The lawmakers’ new bill – the Consumer Online Payment Transparency and Integrity Act, or Consumer OPT-IN Act – puts the onus on companies, instead of consumers, in renewing or extending contracts.

Too often, companies use free trial offers and unclear terms and conditions to trap consumers into subscriptions. From 2017-2019, the Better Business Bureau received 58,400 complaints related to free trials scams. Additionally, companies often use software and interfaces, called dark patterns that subtly trick users and make it harder for consumers to end these subscriptions and stop unwanted charges. To help prevent these practices, the Consumer OPT-IN Act would require companies to make a number of changes to better protect and inform consumers.

“I am proud to introduce this important legislation with Senator Van Hollen that will protect consumers and create greater levels of transparency and accountability when it comes to subscription-based services,” said Clarke. “All too frequently, subscription services are taking advantage of people, particularly our most vulnerable populations, and trapping them into paying for goods and services they never intended to sign up for. Enough is enough. Our legislation will put an end to these deceptive practices and protect consumers from being misled into endless monthly payments without their expressly given consent.”

Malliotakis Introduces Oversight Legislation of Federal Dollars Given to States and Major Cities

U.S. Rep. Nicole Malliotakis

U.S. Rep. Nicole Malliotakis (D-Staten Island/Brooklyn) this week introduced bills that would create Special Inspectors General to oversee the spending of federal dollars given to state governments and governments of major cities with populations greater than one million people.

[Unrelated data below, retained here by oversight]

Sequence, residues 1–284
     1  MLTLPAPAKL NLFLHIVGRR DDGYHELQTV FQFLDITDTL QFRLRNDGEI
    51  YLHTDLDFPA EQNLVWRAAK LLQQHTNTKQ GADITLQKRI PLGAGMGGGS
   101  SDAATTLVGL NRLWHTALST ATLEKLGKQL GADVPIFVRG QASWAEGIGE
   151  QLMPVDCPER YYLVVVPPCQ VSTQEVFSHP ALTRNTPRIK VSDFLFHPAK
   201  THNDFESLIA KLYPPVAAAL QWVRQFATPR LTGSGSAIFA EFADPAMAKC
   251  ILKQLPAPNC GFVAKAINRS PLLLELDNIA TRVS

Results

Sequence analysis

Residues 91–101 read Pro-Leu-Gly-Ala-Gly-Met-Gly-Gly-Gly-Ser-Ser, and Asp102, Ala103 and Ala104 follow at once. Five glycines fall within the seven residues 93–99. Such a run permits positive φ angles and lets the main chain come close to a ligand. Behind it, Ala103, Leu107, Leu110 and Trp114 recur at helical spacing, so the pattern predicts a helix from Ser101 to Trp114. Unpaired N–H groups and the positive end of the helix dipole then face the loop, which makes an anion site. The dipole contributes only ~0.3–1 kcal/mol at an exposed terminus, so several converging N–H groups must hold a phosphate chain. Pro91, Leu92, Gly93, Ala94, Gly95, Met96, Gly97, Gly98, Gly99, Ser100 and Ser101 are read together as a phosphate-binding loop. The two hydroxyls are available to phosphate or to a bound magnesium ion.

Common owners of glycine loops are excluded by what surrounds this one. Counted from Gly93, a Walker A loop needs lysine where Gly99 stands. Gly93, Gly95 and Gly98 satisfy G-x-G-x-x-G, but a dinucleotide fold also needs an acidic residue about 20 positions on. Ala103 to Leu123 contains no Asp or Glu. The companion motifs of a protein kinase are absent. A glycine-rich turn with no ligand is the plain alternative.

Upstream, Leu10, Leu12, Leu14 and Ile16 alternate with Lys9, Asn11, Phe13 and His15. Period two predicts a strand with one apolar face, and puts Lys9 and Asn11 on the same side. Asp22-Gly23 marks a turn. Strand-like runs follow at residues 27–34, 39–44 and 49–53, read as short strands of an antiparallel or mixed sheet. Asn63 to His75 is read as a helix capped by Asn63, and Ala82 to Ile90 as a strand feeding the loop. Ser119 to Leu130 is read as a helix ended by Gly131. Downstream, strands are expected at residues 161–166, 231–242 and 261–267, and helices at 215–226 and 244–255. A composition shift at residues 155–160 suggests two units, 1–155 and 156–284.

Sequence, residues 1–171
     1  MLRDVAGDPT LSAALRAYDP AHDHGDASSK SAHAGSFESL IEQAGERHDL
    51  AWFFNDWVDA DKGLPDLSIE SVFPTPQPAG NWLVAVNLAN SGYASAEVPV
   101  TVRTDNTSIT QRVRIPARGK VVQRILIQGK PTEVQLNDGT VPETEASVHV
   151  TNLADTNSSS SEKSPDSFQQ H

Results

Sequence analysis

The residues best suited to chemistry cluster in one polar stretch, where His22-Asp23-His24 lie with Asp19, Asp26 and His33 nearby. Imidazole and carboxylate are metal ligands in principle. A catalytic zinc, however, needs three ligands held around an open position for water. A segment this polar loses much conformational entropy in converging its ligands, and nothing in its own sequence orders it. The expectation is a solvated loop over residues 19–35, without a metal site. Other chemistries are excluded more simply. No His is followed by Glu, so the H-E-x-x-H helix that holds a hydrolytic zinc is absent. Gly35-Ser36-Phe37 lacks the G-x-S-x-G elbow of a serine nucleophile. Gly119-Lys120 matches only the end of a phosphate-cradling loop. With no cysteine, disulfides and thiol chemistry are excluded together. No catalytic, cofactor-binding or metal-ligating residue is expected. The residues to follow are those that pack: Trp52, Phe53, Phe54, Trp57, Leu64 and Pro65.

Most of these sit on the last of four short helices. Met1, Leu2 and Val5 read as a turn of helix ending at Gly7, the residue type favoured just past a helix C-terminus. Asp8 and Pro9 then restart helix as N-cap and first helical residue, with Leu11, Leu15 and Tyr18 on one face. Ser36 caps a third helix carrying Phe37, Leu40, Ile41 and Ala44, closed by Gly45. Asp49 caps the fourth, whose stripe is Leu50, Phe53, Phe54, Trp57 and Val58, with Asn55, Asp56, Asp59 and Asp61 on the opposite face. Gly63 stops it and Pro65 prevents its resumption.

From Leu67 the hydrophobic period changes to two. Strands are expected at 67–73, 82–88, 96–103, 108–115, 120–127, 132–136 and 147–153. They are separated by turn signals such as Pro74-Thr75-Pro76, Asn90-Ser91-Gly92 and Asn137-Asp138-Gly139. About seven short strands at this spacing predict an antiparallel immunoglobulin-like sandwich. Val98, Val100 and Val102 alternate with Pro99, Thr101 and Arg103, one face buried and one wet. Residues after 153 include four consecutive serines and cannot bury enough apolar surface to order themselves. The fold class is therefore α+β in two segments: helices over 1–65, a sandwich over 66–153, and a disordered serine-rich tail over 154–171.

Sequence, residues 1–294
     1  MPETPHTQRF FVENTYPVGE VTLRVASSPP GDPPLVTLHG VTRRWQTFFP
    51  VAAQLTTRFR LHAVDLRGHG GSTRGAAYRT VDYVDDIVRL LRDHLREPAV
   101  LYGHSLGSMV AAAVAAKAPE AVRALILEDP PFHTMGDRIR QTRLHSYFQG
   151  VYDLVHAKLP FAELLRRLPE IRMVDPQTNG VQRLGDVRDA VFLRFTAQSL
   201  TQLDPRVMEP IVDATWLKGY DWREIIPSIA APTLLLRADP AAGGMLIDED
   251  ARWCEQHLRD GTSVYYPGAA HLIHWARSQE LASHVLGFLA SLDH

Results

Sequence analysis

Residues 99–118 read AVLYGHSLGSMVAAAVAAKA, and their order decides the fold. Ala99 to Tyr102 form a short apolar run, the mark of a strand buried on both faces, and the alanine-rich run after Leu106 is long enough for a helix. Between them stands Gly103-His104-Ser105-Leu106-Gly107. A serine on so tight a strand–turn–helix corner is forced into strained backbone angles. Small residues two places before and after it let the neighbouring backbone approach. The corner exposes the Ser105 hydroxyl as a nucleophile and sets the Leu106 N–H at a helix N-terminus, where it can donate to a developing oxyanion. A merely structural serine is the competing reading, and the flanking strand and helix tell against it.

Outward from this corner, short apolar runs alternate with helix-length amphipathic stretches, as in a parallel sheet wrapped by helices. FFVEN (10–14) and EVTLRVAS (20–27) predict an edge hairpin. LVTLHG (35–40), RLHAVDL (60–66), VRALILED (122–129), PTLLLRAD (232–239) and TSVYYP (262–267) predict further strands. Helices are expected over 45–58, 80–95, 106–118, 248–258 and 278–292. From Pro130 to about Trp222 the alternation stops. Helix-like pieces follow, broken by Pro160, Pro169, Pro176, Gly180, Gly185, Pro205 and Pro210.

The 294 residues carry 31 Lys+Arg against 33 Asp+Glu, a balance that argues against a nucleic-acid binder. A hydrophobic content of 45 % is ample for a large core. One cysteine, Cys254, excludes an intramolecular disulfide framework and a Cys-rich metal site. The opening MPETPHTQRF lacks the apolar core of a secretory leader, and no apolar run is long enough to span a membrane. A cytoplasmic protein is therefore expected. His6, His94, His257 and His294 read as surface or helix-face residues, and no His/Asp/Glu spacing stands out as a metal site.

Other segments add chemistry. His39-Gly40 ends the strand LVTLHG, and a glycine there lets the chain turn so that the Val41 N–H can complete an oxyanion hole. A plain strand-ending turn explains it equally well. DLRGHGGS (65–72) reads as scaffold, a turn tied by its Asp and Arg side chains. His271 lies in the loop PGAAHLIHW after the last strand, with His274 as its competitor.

Both bills are modeled after language that established the Special Inspector General for Afghanistan Reconstruction in 2008.

“My legislation aims to hold city and state governments accountable by establishing Inspectors General to conduct audits and investigations of programs and operations funded with federal dollars,” said Malliotakis. “New Yorkers need to look no further than programs like de Blasio’s wasteful Thrive NYC, failed renewal schools program, or the state’s decision to give unemployment, stimulus, and disaster relief aid to those in the country illegally. My goal is to ensure tax dollars are spent appropriately on their intended purpose and not squandered.”

For decades, Congress has formed independent Officers of Inspectors General (OIGs) to oversee and monitor Executive Branch operations. Most recently, the Special Inspector General for Afghanistan Reconstruction (SIGAR) identified over $40 billion in taxpayer money was wasted, lost, or abused in Afghanistan between 2002 and July 2021.

“Inspectors General have saved governments and taxpayers billions of dollars through their independent oversight work. Unfortunately, no such entity exists to oversee the spending of federal dollars in states or big cities, which is why taxpayer dollars have historically been wasted, abused, or defrauded. These bills would prevent further abuse by demanding transparency on the part of state and local governments,” Malliotakis added.

More from Around New York